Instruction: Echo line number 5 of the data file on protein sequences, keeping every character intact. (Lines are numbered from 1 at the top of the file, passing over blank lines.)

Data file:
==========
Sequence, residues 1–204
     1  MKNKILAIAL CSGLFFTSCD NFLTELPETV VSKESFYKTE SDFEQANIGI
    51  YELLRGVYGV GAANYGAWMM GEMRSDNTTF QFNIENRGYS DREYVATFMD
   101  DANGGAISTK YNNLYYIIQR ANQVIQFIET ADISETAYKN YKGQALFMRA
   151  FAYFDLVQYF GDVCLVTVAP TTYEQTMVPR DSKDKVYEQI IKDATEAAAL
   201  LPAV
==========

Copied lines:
   151  FAYFDLVQYF GDVCLVTVAP TTYEQTMVPR DSKDKVYEQI IKDATEAAAL